Serously, I thought the conference was called the “Oregon” 12, not the PAC 12.

  24. Peyton Manning, Steve Young, Eli Manning, Tom Brady, Joe Montana, Drew Brees….

    You are all so right, look at the disaster that becomes of QBs when they stay all 4 years of college and get a degree. Just think how great all those guys would be if they’d left early. Give me a break…

  25. I think this article completely ignores the fact that this year is the third QB at best maybe the fourth depending how you feel about Landry Jones. He will not get drafted ahead of Andrew Luck and RGIII. This is an extremely deep QB draft and he is going to come back to school, so next year he guarantees himself top five money, that will pay for itself and it is an ego thing as well. He is head of the class next year with Aaron Murray from UGA.

    It is actually a pretty smart move if you think of it from that perspective. There is an injury risk, but it is USC, when was the last time a QB got hurt there? Sanchez was hurt for a game three years ago, but that is all

  26. Disagree andrebrowne. I don’t think there’s a huge step down to him from Luck. He’s play’s in a pro style system, 3 year starter, can make all the throws and is as accurate as they come. Plus his teams weren’t nearly as loaded as the Sanchez/Lienhart teams; he had a lot less to work with.

    I know people probably have the Cam Newton syndrome in falling in love with mobile QB’s (even though it’s Cam’s arm that makes him good), but I dont’ think he’d have fallen below RGIII.

  27. Jimmy Fallon needs to update his capital one commercial. Apparently not everyone wants more money.

  28. Nothing is guaranteed. However respectable it might be that he is staying another year, nothing is guaranteed. Maybe he doesn’t get hurt but has a sub par year and his draft stock drops. Maybe he gets hurt. Another QB puts up numbers that puts him at the top of the draft board. The teams who have the first picks in the draft do not have the need for a QB or a different position player becomes a “can’t miss” pick. Crazier things have happened. Who knows. I just believe he should’ve gone pro now.

  29. How many college QB’s suffered career or season ending injuries this year? What about the last ten years?

    I’m assuming that percentage is really low. If he plays well again, he’s going to be the top QB in a worse QB class next year.

  30. No Mike, it ain’t all about the benjamins. School is not there whenever he returns, because lots of players become punch drunk due to constant hits and no longer are even capable of reading a book, let alone studying one. To criticize a kid who wants to the right and upstanding thing is simply a window into the shallowness that is US sports and their writers. Just how many star players never got a chance to play due to injury after going back for that last year of school, Mike? Zero you say? Ok there, hypothetical Mike!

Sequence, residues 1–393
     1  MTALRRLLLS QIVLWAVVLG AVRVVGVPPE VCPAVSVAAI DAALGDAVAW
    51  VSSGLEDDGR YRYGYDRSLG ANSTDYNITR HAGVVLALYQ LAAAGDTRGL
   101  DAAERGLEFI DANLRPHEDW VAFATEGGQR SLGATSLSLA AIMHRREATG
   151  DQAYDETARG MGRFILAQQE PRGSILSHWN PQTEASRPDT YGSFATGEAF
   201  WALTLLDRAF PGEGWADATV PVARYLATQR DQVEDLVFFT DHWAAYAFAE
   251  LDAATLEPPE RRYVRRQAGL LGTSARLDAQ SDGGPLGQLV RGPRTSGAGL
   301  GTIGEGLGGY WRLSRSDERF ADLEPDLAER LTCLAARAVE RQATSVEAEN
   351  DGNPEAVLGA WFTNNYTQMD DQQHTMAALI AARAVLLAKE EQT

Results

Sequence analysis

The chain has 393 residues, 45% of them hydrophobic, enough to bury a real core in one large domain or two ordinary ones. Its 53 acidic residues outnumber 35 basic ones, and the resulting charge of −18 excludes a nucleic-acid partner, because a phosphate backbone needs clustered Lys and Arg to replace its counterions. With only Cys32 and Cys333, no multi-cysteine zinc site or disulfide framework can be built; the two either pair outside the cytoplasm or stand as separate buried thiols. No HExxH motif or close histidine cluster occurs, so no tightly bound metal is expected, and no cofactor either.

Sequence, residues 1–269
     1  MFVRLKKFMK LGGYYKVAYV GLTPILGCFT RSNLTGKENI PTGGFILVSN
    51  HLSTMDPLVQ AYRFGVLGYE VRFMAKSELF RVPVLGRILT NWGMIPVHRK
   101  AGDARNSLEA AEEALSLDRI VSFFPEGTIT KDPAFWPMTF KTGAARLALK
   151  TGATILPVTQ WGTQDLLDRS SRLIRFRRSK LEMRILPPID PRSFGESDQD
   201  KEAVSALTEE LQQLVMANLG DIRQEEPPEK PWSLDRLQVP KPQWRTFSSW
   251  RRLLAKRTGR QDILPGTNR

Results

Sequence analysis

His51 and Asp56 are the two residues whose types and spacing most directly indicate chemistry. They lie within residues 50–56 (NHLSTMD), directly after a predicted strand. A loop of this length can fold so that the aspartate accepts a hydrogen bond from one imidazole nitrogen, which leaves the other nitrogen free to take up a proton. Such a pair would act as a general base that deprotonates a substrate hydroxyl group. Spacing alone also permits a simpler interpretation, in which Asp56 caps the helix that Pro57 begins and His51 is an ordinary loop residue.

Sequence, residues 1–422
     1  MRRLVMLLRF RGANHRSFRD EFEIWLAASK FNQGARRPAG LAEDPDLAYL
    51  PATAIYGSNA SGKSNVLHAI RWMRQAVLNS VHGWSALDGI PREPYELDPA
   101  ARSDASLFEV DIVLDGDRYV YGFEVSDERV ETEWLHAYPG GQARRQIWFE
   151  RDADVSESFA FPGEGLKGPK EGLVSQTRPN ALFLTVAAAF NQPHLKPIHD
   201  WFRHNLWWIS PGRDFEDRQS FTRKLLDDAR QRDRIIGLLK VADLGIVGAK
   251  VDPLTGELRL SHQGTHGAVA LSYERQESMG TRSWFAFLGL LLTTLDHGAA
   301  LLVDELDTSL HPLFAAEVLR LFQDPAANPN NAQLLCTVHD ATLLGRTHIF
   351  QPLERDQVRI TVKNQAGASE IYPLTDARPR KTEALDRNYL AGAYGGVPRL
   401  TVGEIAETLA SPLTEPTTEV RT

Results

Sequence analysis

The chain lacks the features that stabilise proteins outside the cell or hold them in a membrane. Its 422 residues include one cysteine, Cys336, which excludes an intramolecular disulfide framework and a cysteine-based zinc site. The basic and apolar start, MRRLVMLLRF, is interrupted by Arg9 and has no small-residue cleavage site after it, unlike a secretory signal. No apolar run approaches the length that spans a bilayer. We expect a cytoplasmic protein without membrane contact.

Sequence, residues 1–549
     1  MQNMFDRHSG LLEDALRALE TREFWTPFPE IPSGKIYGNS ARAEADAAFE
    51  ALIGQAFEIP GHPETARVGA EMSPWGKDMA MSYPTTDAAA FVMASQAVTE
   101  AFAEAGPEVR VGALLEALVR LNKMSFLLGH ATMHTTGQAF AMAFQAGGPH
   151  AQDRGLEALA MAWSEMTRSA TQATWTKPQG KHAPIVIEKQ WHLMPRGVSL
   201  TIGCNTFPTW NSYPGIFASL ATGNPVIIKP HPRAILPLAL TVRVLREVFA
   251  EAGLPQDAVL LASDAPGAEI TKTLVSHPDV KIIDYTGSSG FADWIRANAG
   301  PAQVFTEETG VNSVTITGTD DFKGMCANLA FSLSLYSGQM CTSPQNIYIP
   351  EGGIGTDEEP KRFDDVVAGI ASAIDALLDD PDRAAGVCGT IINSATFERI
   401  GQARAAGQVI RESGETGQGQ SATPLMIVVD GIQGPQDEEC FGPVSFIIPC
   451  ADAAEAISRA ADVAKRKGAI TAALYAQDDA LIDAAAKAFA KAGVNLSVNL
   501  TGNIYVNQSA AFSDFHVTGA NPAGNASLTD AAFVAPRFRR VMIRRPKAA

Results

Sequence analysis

31. No, no, no all wrong here’s what he debated…

    Jacksonville sucks-who’s the coach next year

    Miami sucks-who’s the coach next year

    Cleveland-who wants to go to cleveland no glamor playing there

    USC-hmm no the coach, could play for Championship and possibly the heisman think my odds are better to stay one more year…

  32. “You can go and help your family,” Pitino says. “Or you can stay and help mine.”

    I think you have the wrong crooked Kentucky coach. Pretty sure it was Calipari who said that.

  33. Barkley is smart and he did his homework. He has a chance to continue as a student athlete playing for a team that is competitive for a next year’s national title. His alternative is to leave for the NFL and depending upon which team he gets drafted by he’ll either be holdoing a clipboard on the sidelines or worse, playing on a weak team with no chance to make the playoffs working behind an O-line that has less ability to give protection than he has a USC.

    Sometimes a decision is less about the money (which with near certainty will be there a year from now) over potentially accomplishing something very special finishing out his final year at a top school.

  34. Enough with the he’s taking a big risk stuff already. Sam Bradford went back, injured his shoulder, hardly played the entire season and what did it get him? The number one over all selection. The NFL actually likes Sr. QB’s and don’t get amnesia and forget what these guys did in their Jr. year. Just more media drama.

  35. sportssportssportssports says:
    Dec 22, 2011 7:13 PM
    Good decision by Barkley. TIM TEBOW stuck around to graduate and now he’s the best quarterback in the ENTIRE NFL!!!!!!!!!!!


    I think Tom Brady pretty much ended that ridiculous notion last week.

  36. pudgalvin RGIII is not a mobile QB, he is fast, but he does not run like Cam does in the NFL or at Auburn.

    Barkley is not better than either Luck or RGIII. It is not me saying that, it is a pile of analysts. Barkley stays in school and comes out next year with another year of polish and will be a guaranteed top five pick, this year it is a crapshoot.

  37. I was definitely in shock when I saw that Matt Barkley had decided to stay at USC. I know it’s a draft heavy quarterback and Barkley could end up being the 3rd QB taken. I know his family has lots of money so that’s not a problem but I still think it is a big risk. A lot of people seem to be in favour of it and I can see why because this guy should have a stellar season with a couple of great wideouts next season. It’ll be very interesting to see how the decision of another top quarterback to stay in school plays out over the next year.